Depreciation of lira not to have strong influence on Azerbaijan: expert
Baku, Azerbaijan, June 1
By Anvar Mammadov - Trend:
Depreciation of the Turkish lira will not have a strong impact on Azerbaijan, 2 percent of whose investment portfolio is placed in the lira, John Hardy, head of forex strategy of Saxo Bank told Trend June 1.
The expert said Turkey's economic problems may have some impact on the region, but Azerbaijan will be the least involved country in these problems.
"The chief pressure on Azerbaijan may come on a general unwillingness to invest in emerging markets in the region if political concerns mount or the financial situation in Turkey worsens further, though Azerbaijan is less directly involved in these, save for its trade relationships with important regional players like Russia and, of course Turkey. But if the global price of oil remains relatively elevated, there may be little widespread impact on the Azerbaijani economy, and a 2 percent exposure in Turkish lira is not large enough for widespread concern. There could be more significant fallout for the region if the Turkish situation worsens to the point of default, however, as this could more profoundly drag regional economies down and thus the demand for oil, if Azerbaijan can’t find alternative destinations," Hardy said.
Referring to the reasons for the collapse of the lira, the expert noted that this is due to the gradual strengthening of the dollar and geopolitical problems in the region.
"Global pressure on emerging markets has emerged in recent months on the strong US dollar and higher US interest rates (even if these have eased slightly recently). In addition, it is necessary to remember geopolitical concerns in Turkey after the US has brought back sanctions against Iran and tension remains high over operations in Syria by everyone in the region, including Israel, Russia, the US, Iran and Turkey," Hardy said.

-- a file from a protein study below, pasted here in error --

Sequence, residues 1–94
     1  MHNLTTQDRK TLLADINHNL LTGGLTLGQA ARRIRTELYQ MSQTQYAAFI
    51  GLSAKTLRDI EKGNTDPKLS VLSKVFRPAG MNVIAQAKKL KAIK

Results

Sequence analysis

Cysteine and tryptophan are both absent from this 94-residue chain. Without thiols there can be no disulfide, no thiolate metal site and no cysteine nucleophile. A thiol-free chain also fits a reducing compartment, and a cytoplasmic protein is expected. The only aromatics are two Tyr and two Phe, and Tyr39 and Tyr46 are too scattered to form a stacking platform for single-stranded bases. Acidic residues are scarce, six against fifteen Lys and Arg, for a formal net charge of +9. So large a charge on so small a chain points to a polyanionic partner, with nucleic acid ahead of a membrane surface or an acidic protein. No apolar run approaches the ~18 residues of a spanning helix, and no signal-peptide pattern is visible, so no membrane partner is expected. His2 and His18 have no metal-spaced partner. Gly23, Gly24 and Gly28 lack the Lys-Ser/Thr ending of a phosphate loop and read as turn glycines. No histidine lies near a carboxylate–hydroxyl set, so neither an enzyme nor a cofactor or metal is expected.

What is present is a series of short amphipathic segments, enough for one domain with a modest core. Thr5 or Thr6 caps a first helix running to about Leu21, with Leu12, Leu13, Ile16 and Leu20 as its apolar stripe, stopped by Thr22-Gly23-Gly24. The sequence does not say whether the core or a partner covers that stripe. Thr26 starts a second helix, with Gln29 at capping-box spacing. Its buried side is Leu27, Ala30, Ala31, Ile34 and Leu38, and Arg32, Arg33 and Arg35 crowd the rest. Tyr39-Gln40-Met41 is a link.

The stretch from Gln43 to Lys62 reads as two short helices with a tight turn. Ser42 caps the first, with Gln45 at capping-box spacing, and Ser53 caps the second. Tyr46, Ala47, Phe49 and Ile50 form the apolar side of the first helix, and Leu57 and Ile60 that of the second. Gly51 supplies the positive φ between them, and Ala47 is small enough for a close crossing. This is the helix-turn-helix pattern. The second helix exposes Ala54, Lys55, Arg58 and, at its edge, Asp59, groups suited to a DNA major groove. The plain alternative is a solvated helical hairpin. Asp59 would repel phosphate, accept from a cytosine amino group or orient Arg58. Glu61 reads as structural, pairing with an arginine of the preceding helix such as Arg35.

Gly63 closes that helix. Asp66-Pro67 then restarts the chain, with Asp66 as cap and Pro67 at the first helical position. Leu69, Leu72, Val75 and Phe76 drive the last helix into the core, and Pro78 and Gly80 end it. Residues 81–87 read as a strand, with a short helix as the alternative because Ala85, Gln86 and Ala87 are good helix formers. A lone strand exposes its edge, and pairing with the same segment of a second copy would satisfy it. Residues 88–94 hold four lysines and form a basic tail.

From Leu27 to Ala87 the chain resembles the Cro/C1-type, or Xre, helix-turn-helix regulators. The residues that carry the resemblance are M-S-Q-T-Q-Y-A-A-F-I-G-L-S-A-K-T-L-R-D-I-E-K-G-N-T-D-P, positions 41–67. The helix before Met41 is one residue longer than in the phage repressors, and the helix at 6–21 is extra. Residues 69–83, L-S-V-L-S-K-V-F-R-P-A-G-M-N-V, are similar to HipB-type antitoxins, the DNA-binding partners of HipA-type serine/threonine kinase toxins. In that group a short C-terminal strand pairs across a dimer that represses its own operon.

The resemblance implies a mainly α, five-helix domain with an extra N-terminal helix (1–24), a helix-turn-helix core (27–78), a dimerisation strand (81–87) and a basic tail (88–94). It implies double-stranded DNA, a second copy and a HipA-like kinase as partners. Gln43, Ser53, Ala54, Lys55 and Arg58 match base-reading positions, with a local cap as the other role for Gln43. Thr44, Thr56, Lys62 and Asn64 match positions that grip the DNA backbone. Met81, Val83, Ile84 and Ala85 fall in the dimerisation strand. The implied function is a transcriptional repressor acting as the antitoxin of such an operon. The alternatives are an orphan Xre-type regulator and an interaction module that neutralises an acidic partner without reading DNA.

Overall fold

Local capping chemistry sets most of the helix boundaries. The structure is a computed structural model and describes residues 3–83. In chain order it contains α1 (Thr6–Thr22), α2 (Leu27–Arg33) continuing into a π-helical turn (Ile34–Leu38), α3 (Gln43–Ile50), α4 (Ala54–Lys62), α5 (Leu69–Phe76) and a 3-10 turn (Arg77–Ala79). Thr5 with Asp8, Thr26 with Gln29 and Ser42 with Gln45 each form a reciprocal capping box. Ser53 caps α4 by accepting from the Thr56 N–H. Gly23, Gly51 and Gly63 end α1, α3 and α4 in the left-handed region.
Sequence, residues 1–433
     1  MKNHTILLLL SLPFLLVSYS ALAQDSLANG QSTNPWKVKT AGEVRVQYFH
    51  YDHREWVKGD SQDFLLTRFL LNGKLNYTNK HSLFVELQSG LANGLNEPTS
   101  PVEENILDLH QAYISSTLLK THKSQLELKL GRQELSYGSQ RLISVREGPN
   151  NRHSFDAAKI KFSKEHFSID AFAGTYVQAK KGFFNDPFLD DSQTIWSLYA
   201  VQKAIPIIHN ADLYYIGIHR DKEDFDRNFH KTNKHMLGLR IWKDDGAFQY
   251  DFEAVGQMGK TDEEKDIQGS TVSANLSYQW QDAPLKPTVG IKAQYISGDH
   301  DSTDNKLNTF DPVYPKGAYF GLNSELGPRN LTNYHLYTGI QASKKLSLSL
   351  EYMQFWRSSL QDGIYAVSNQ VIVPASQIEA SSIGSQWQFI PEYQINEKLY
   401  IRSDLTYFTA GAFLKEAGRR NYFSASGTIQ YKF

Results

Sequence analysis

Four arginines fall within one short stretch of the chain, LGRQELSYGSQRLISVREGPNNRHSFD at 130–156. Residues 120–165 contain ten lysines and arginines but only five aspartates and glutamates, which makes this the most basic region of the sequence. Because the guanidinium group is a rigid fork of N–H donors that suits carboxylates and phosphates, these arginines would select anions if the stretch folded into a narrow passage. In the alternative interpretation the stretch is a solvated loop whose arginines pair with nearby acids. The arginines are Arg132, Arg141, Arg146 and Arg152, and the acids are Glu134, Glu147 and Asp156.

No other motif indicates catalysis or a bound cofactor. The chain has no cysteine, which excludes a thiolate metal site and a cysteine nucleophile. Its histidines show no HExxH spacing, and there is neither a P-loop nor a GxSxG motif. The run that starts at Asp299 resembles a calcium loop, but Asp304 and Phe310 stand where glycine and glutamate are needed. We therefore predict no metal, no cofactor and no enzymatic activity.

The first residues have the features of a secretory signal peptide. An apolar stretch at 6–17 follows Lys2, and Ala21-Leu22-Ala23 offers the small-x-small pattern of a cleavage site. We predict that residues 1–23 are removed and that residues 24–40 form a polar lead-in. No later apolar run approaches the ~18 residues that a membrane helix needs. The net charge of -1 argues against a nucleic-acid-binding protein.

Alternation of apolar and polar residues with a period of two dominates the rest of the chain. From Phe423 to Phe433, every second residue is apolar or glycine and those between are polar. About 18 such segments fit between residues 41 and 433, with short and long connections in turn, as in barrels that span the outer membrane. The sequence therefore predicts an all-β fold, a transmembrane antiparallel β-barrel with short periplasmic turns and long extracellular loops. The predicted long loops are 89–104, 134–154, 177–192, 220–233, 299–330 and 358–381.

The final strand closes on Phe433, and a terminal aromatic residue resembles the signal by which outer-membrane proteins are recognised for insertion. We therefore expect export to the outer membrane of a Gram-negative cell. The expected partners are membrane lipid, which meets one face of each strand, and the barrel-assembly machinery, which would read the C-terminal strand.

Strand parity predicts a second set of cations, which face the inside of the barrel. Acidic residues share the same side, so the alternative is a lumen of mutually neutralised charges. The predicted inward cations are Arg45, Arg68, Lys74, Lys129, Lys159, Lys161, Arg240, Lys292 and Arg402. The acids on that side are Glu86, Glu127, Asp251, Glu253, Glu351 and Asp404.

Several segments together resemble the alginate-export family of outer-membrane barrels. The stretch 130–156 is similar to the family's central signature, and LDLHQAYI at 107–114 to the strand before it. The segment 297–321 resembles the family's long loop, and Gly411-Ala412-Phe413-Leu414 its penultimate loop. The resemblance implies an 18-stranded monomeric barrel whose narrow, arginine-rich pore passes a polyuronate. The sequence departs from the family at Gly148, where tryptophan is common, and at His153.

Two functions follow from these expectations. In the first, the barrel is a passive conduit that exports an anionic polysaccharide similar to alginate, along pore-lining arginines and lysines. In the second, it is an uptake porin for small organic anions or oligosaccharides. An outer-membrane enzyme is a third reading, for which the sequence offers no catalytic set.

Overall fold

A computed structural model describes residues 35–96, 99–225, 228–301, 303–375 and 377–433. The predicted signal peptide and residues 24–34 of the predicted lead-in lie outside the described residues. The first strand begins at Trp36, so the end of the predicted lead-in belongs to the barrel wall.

The expert noted that the situation is aggravated by domestic political problems, which are now the main concern of Turkey.
"Political concerns, however, are the chief concern of Turkey, as elections are set to be held in June that will bring into force the new constitutional reforms that make the presidential post much more powerful. It is assumed that President Erdogan will remain president with these new expanded powers and he has promised interference in central bank policy and rate cuts as he views these as likely to slow inflation. This is simply wrong as it is the weak lira that is the chief contributor to inflation and cutting rates would likely make the problem worse," Hardy said.